No matter what marketing tactic you are undertaking for your company, one decision must be made before you begin. The question: Who will be the focus of your marketing message? Your gut instinct may be that all of your marketing should be “Us” focused. You are, after all, promoting your products and services. Depending on what you are doing and what your objectives are, however, the answer may not be so clear-cut. We thought we would break down the three different types of emphasis your messaging can incorporate to weigh the pros and cons.
There are two ways to develop a marketing message that focuses on “us.” The first and perhaps most traditional way is to use promotional language. “We are the best choice.” “We have the widest selection of products.” This kind of tonality is rapidly going out of style. It is viewed as one-way, pushy marketing, too much concentrated on selling and perhaps not focused enough on what might be of the most interest to customers.
The second way to emphasize an “us’ message in your company’s marketing is to present stories about your company that would not emphasize closing the sale. For example, perhaps your website emphasizes the work you do locally on behalf of charity organizations. This offers a positive impression of your company but it is not a direct request that someone purchase from you. Using “us” oriented language can make visitors to your website or recipients of your marketing messages feel like your company is more personable and accessible.
The opposite of focusing on your own company would be an external focus, namely on your customers and prospects. There are several ways your communications can be “you” oriented. Here are a few ways to approach this kind of emphasis:
The obstacles YOU are facing
Focus on issues that you know plague your customers. These issues may be directly tied to what your company can help remedy or in some cases, such as in a white paper or webinar, you may simply offer solutions as a service to your customers.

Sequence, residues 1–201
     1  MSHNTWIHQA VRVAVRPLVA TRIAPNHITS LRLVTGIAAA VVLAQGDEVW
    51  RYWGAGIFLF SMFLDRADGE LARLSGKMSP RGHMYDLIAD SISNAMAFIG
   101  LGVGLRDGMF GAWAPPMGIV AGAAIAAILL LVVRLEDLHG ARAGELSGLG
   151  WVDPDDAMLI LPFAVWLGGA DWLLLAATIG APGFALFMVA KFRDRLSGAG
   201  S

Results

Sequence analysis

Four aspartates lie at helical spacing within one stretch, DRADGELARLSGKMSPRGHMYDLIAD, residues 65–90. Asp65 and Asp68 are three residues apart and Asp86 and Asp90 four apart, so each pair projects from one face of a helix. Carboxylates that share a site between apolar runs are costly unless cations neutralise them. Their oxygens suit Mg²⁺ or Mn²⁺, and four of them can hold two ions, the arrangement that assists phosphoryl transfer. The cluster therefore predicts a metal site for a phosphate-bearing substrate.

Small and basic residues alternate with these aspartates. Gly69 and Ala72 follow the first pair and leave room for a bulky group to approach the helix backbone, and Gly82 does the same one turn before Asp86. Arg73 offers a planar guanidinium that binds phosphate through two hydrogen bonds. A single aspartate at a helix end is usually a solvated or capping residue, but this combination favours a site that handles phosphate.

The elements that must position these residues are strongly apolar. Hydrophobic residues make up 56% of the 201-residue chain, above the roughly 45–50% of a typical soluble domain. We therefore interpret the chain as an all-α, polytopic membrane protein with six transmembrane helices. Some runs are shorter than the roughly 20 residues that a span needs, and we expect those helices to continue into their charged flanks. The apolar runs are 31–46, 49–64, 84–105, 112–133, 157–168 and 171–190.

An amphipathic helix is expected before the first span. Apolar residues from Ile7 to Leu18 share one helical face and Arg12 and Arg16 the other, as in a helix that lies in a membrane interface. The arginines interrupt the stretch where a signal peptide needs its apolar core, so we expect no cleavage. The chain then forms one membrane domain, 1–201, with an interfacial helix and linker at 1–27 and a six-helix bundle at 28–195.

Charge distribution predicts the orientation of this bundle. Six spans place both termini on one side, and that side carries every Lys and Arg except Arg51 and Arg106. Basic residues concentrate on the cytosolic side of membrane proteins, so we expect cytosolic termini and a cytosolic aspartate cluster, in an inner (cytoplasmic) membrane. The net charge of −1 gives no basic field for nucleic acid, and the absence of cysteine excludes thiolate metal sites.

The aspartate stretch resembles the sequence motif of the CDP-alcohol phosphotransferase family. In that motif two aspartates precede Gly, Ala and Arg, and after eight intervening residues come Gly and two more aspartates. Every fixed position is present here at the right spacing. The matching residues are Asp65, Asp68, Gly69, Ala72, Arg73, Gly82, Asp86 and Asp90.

What YOU have accomplished
Testimonials are win-win tactics for your company and your customers. If one of your customers indicates that your product or service helped them achieve success, your marketing team can promote the success of your customer with a light mention of how you helped them.
How we can help YOU
This is a hybrid between “us” and “you” communications. In this case, most of the focus should be on how your customers could increase effectiveness, efficiency, or sales by using your product or service.
Finally, your marketing communications can emphasize “them.” “Them” could refer to your competitors or your customer’s competitors. If your marketing message is focusing on your competitors, usually your “sell” message will by necessity be more aggressive. Moreover, if your audience feels that your content is too aggressive, it could be a turn-off to them. This kind of communication requires some caution and careful planning so that you do not create a mess where there was none before you started.
In many cases, marketing that is deemed a failure is viewed as such because it emphasized the wrong group at the wrong time. For example, a social media marketing campaign that is overtly “us” oriented will rub people the wrong way. By the same token, a print ad that is too “them” oriented may not go over as well as an ad that is “you” oriented. Careful planning, including setting clear objectives, can help guide your company in determining how each tactic should be approached.
When was the last time you stopped to evaluate the tonality of your marketing messages? Do you focus on any one type of message based on our three categories? We’d love to hear your thoughts!
Image Credit: http://www.flickr.com/photos/doug88888/4562078443/ via Creative Commons